"You Know My Name (Look Up The Number)," the B-side of the "Let It Be" single, would have fit here as well as another rock and roll oldies medley like "Rip It Up/Shake, Rattle and Roll/Blue Suede Shoes" found on "The Beatles-Anthology 3." Yes, "You Know My Name (Look Up The Number)" was recorded in 1967, but "Across The Universe" dates back to a year later.

With his solo on "Don’t Let Me Down," you realize how important Preston’s electric piano and organ performances were to the sessions. Whether it’s his work on "Get Back," "Don’t Let Me Down", "Let It Be," or "One After 909," he seemed to always deliver in these recordings. The Beatles obviously felt highly of him, enough to credit the "Get Back/Don’t Let Me Down" single as The Beatles with Billy Preston. Preston would go on to play on the Abbey Road tracks "I Want You (She’s So Heavy)" and "Something."

Blu-ray

The Let It Be Blu-ray audio disc contains the new stereo mix in hi-res 96kHz/24-bit; new 5.1 surround DTS and Dolby Atmos album mixes. It doesn't include an Easter Egg music video as the Abbey Road Blu-ray did with the "Something" promo. The red Apple Records label on the Blu-ray, just like the American album release had in 1970, is a nice touch.

Book

A highlight of The Beatles Super Deluxe Edition sets have been the accompanying hardbound books. The Let It Be Special CD collection is no exception. In particular, Beatles author, historian, and radio producer Kevin Howlett once more writes about the album tracks and offers interesting trivia notes regarding the quartet.

As examples, Lennon offered "One After 909" for the Rolling Stones to record in 1963, but they chose "I Wanna Be Your Man" instead. When writing “The Long and Winding Road,” McCartney was thinking of Ray Charles, and imagining how “The Genius” would sing the tune. A year after it became The Beatles’ last U.S. number one single, Charles did cover the song on his Volcanic Action of My Soul album. Lennon references BB King, Doris Day and Matt Busby at the end of “Dig It.” Many people would be familiar with King and Day, but who was Busby? He was the longest serving manager in the history of the Manchester United football club.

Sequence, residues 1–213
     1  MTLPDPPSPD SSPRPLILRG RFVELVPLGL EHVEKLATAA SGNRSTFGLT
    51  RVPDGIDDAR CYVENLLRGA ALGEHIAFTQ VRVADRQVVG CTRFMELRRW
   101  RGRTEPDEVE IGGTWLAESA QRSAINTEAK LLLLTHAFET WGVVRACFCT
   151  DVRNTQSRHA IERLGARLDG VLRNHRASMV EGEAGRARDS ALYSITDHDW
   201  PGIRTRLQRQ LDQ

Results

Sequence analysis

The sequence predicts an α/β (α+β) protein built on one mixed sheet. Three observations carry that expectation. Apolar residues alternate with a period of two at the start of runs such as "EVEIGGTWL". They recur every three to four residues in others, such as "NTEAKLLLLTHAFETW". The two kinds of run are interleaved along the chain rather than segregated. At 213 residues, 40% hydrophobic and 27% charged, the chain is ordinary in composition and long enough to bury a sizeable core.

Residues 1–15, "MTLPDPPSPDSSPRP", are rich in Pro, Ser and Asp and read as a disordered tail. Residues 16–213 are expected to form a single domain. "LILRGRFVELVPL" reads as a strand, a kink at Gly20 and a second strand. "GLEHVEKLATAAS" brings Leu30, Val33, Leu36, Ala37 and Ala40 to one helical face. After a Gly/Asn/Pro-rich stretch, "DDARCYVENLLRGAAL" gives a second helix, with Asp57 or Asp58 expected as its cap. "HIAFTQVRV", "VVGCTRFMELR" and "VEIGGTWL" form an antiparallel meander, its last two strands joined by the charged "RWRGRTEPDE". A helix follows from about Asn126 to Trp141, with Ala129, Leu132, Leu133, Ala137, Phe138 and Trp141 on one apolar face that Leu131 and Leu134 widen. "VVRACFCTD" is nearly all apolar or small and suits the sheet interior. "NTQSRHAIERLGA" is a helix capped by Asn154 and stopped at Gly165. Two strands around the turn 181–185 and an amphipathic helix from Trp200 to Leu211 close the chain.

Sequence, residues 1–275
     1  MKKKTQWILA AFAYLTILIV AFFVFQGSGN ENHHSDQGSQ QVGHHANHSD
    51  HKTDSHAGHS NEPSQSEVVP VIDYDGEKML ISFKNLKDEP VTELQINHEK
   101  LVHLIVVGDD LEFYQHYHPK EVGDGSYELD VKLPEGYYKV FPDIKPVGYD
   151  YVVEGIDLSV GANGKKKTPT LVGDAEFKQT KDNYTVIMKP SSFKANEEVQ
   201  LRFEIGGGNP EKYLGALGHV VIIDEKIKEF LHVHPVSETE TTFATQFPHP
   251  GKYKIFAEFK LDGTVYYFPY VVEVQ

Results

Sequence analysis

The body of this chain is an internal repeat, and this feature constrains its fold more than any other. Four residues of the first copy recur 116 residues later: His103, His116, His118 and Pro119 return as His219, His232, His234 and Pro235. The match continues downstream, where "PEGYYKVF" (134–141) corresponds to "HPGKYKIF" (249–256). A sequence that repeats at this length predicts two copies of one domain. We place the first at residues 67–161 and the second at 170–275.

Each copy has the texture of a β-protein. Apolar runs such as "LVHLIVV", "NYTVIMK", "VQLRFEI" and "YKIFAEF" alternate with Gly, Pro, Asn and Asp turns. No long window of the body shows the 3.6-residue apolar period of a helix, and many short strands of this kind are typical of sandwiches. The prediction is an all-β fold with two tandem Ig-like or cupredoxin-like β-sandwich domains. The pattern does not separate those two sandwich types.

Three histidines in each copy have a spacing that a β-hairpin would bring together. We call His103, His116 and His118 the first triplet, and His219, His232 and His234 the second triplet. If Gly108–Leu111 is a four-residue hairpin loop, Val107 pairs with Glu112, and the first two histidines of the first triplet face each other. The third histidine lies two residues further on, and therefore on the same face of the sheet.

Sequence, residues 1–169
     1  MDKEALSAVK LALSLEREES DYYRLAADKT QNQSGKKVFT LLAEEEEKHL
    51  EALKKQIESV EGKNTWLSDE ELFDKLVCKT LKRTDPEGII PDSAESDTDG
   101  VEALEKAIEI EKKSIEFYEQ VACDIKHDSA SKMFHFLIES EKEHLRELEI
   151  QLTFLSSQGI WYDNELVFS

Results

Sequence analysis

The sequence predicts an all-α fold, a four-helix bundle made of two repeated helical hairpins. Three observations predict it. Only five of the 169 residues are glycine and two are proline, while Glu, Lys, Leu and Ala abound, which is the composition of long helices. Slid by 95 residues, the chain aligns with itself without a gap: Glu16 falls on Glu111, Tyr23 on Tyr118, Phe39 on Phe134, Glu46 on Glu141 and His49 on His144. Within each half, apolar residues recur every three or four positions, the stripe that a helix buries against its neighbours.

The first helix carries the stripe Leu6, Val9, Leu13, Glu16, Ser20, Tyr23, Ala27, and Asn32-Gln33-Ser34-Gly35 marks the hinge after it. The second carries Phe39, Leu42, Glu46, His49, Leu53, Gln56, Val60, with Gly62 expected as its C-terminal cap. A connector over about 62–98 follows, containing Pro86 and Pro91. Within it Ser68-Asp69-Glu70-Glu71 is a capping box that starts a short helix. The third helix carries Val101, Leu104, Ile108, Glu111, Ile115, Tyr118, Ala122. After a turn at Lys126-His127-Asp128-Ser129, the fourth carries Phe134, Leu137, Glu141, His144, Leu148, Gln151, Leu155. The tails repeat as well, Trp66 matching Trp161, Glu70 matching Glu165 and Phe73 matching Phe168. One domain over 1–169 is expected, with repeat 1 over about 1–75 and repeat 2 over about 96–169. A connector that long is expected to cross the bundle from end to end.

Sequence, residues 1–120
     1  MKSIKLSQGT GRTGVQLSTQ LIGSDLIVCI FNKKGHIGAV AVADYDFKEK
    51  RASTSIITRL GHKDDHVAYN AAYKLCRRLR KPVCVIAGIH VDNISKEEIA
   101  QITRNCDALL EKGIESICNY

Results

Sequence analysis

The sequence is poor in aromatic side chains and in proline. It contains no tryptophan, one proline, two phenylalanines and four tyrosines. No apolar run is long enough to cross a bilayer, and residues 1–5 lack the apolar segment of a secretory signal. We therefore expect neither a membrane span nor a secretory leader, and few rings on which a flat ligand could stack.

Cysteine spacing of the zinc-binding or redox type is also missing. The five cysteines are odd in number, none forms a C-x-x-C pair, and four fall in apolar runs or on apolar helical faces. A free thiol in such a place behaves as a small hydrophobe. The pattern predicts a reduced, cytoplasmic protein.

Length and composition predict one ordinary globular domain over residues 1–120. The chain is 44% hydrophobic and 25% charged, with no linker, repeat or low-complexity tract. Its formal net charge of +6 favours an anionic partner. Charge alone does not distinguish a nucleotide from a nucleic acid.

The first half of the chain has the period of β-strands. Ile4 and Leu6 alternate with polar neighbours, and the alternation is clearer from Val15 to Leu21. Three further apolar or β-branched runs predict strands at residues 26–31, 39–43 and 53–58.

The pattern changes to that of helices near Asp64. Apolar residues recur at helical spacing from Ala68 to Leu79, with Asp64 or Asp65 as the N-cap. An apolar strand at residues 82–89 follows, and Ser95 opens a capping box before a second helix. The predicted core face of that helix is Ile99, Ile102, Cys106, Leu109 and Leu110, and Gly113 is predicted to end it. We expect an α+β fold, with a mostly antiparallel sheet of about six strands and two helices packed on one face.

In the book’s Track By Track section, Howlett lists The Beatles and Preston's musical credits for the various Let It Be tracks. Recording dates are added along with a full page or two on the histories and backgrounds behind the tunes. Moreover, images of the original handwritten lyrics are pictured, as well as some of the tape boxes housing the recordings.

Of particular note are the Abbey Road (then known as EMI) Studios photos of McCartney, Harrison, and Starr working on "I Me Mine" and "Let It Be," mentioned above. Those sessions would be the last for new Beatles songs until the "Free As A Bird" and "Real Love" Anthology recordings in 1994 and 1995.

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Other Let It Be Album Configurations

The Super Deluxe Edition is available on vinyl in a four LP and 12 inch EP edition, along with the 105 page book in a 12.5" X 12.5" die-cut slipcase. Plus, a digital collection is being sold. A single and double CD release is available, as well as a limited edition vinyl picture disc.

Final Word

Let It Be may not be considered by many to be in the same classic Beatles album group as Revolver, Abbey Road, or Sgt. Pepper. But any LP that includes such classics as the title track, "The Long and Winding Road," "Get Back," and "Across the Universe," is still not too shabby a record.

The remixed Let It Be is a fun listen. Think of it as an alternative to the original. In terms of bonus tracks, The White Album is the best of the four Super Deluxe Edition Beatles releases. But with the Get Back disc and much more, there’s still plenty to enjoy in the Let It Be box set.



© 2021 Marshall Fish